Incarnations of a Reoccurring Dream

As with all dreams I’ve had a lot of incarnations of my dream shop, and lots of ideas to mull over in my head.   What tools would I want to put in it? How would I use a Roubo type bench?  How much space do I really need?  With all this new space maybe I’ll take up blacksmithing as well!  I’ll need a welder!  Wow– I need more power!  Windows!  I want lots of natural light!  But most barns don’t have a lot of windows. Hmmm.  We don’t have a garage now, but we now we need a three car garage (in order to house the dream sports car and dream pickup truck)! Dust collection in the floor of course (thank you Vic).  So many things to consider.

This rarn seems about the right size and general shape

This barn seems about the right size and general shape.

I’ve spent hours over the years staring at spots in the yard- sighting and plotting out ideal locations for a barn.  I believe I’ve landed on the perfect spot:

Potential Barn Sight

Potential Barn Sight

So many things to dream about!  It can keep you up at night!  This one I can conceived one night in bed:

The Concept Shop!

The Concept Shop!

Before that I had a friend help me with some basic design ideas I had and figured that would get my juices flowing,  without my sketch-up skills slowing me down.  Here are some of the designs he helped me create:

Barn Frame 1

Barn Frame 1

Barn Frame 2

Barn Frame 2

Barn Frame 3

Barn Frame 3

These certainly gave me a model to play with and be able to consider space.  Probably the thing I gained the most from this exercise was to realize I don’t want or need a full second floor. The third garage door makes the building a littler grander than I would like. And while I like a modern spin on traditional design, I would most likely go with a more traditional design.

What do you think?  What version do you like?  Leave a comment below.

A Guy Can Dream Can’t He?

The weather in the northeast and much of the entire United States has been unreasonably cold over this winter.  I have several small electric heaters in my tiny basement shop, and finally found the motivation to finally rewire a 220 heater I had and now I can get it quite toasty in there.  But that was nearly all the work I got done in the shop the past few weeks, outside of a good cleaning and assembling some Christmas goodies.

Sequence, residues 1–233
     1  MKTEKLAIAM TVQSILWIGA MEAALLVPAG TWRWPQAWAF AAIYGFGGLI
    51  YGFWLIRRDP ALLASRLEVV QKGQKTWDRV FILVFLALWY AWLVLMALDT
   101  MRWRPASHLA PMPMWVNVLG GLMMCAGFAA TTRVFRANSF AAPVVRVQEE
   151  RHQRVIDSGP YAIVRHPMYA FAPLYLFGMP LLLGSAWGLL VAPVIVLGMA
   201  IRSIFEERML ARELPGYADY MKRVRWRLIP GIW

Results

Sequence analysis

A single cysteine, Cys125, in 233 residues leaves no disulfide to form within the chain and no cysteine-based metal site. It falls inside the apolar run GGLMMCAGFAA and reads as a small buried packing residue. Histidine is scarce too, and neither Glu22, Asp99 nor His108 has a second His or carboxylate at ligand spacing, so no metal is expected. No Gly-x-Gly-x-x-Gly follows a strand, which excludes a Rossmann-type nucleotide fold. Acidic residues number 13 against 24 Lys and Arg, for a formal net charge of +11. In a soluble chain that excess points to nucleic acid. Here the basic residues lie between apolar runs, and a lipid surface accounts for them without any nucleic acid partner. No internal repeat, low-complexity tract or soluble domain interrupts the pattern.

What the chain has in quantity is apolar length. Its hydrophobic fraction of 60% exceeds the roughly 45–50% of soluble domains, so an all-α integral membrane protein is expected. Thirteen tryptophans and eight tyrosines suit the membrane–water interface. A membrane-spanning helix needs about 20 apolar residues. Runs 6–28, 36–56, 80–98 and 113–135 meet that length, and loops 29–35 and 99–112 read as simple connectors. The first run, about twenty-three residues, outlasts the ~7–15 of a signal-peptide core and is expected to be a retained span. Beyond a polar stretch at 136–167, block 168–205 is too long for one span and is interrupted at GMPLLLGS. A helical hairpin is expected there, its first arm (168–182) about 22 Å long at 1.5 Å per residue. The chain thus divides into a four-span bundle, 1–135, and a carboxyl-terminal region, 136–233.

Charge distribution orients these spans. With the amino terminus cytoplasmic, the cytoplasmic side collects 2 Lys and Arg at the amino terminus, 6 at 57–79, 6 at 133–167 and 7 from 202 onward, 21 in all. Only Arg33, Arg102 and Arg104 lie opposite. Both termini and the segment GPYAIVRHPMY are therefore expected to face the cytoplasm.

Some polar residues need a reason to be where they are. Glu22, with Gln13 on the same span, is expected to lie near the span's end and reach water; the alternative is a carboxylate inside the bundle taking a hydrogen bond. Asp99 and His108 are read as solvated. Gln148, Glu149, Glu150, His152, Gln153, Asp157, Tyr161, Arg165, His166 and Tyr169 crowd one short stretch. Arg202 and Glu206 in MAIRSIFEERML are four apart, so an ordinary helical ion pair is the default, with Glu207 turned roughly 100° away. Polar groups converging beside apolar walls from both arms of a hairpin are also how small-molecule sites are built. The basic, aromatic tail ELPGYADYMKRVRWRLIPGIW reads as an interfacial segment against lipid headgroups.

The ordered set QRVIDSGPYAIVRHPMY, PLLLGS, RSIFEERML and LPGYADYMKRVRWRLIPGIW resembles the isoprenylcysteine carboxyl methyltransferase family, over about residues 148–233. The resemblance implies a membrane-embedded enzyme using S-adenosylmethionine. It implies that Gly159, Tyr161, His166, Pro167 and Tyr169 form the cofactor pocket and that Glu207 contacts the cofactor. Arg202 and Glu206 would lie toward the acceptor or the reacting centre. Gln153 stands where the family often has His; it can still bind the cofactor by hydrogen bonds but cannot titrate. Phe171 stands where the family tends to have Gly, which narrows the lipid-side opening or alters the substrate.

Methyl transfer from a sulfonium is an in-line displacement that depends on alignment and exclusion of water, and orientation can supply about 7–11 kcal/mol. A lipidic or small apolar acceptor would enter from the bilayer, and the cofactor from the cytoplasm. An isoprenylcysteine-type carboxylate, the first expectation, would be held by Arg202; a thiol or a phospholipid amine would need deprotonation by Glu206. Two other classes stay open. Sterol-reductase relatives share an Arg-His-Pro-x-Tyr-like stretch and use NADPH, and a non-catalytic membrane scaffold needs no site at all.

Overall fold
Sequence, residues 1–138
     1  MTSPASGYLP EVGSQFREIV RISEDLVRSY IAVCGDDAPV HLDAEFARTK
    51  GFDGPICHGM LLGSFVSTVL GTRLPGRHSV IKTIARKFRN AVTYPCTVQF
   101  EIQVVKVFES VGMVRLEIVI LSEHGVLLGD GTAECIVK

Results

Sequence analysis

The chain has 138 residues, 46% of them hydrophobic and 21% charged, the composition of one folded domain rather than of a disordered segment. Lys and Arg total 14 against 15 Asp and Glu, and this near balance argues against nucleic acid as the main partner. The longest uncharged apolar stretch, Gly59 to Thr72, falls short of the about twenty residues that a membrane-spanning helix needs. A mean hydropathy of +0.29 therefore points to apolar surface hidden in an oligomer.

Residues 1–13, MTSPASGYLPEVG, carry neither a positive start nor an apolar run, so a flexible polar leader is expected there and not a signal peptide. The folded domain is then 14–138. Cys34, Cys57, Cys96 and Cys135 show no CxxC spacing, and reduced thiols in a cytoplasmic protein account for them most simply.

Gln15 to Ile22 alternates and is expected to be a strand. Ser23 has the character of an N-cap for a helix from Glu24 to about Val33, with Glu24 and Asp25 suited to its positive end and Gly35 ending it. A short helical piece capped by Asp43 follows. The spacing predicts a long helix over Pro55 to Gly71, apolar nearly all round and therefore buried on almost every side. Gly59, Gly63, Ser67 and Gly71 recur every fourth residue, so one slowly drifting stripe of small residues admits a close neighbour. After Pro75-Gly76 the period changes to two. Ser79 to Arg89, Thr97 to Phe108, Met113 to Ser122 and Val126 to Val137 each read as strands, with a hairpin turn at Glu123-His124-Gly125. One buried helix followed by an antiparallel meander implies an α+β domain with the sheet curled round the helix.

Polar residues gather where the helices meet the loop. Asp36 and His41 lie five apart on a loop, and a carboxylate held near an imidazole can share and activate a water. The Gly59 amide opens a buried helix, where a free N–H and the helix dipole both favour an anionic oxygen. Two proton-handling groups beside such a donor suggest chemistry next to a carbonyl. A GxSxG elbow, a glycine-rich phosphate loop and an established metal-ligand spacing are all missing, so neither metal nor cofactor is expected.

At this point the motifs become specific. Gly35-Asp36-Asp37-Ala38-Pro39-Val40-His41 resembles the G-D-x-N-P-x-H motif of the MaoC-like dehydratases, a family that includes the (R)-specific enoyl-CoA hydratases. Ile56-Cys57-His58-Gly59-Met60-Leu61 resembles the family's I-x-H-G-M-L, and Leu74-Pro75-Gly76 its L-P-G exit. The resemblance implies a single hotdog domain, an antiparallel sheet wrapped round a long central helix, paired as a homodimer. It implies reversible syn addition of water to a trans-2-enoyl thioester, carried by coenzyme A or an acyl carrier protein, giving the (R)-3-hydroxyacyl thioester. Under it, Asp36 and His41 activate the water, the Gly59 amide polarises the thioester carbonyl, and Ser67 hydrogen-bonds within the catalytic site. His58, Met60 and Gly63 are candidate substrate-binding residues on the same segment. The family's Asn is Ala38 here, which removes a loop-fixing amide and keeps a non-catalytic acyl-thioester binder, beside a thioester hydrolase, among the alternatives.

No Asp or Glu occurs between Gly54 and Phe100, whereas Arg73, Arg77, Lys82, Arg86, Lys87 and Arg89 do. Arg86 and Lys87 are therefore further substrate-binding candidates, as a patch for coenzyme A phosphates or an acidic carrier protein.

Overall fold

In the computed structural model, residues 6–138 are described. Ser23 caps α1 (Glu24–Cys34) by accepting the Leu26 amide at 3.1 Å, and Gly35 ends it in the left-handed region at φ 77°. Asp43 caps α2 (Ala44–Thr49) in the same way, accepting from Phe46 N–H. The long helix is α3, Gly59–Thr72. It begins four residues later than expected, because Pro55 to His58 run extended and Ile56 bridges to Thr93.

So I decided to stay in by the wood stove, work on my sketch up skills and design my Dream Shop!

We have talked about building a barn on the property for almost as long as we’ve owned the house.  In fact, when we were looking for houses, we really were looking for barns that could be converted into a home (thank god we did not do that!).  We own 10 wooded acres, we’ve attempt mini-farming and a barn only seems natural.  Thankfully my wife has always been on board that this barn would also be my wood shop.

For as long as I can remember I’ve been obsessed with barns and timber frames.  Being from New England we’ve had our fair share of amazing barns dotting the countryside. There is something so incredible about these structures.  Although built primarily to house livestock, feed and farm tools these buildings have come to represent so much more than that.  When you stop and think about went into building a barn, entirely hand built by a community, with engineering skills past on from generation to generation.  Then think about the amount of trees that needed to be forested and moved, to the milling and joinery, to the actual raising.  Each and every structure is an amazing feat.  I could go on and on about barns…..in any case what better place to create a shop than within a timber frame barn?

I’ve gone over and over in my head what the best design for a barn/shop would be.  Our property is on a hill– so a bank barn certainly seemed to make the most sense.  I knew approximately the size shop I would want and that I wanted room for a 2-3 car garage, something we do not have right now. I also want to keep the size in scale with our house and the property.  This helped dictate many things and I started pulling together research of barns that would fit the bill.

Barn Research

Barn Research

I say all of this as if I only started thinking about this idea few weeks ago, but the truth is I’ve dreamed about this for years. I love my little shop, but it is incredibly ‘cozy’.  I’d love to be able to spread out and work on larger projects someday.